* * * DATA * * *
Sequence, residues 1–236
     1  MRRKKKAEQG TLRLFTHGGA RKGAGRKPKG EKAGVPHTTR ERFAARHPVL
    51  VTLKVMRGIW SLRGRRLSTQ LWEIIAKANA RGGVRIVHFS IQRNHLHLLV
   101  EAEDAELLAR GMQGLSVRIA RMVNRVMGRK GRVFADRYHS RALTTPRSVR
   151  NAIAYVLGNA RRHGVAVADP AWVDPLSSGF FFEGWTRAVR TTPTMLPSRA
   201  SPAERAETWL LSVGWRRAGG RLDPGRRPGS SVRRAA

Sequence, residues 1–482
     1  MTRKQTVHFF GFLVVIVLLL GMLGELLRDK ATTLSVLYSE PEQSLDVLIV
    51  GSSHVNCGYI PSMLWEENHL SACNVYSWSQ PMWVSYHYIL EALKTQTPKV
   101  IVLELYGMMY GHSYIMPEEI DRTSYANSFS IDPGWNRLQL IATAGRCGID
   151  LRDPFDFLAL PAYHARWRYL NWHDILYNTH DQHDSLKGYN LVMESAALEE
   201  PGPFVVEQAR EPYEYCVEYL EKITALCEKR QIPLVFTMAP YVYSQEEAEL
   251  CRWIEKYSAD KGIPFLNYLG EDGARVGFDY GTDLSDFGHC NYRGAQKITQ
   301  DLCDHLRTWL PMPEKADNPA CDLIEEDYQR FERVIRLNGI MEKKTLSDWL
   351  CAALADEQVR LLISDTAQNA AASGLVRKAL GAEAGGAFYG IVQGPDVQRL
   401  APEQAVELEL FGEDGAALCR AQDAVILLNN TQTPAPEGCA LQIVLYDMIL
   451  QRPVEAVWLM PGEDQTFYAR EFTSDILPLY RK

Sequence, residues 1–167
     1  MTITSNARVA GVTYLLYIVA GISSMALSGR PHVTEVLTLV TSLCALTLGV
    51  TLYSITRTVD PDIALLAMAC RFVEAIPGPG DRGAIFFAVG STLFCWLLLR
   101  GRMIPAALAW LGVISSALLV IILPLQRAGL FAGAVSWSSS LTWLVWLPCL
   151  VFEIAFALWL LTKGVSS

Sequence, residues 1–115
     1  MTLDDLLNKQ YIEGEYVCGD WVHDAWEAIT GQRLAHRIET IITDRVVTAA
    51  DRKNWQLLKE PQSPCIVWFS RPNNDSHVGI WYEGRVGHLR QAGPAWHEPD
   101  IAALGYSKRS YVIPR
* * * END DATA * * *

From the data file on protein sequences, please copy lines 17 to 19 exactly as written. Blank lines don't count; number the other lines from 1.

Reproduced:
   451  QRPVEAVWLM PGEDQTFYAR EFTSDILPLY RK

Sequence, residues 1–167
     1  MTITSNARVA GVTYLLYIVA GISSMALSGR PHVTEVLTLV TSLCALTLGV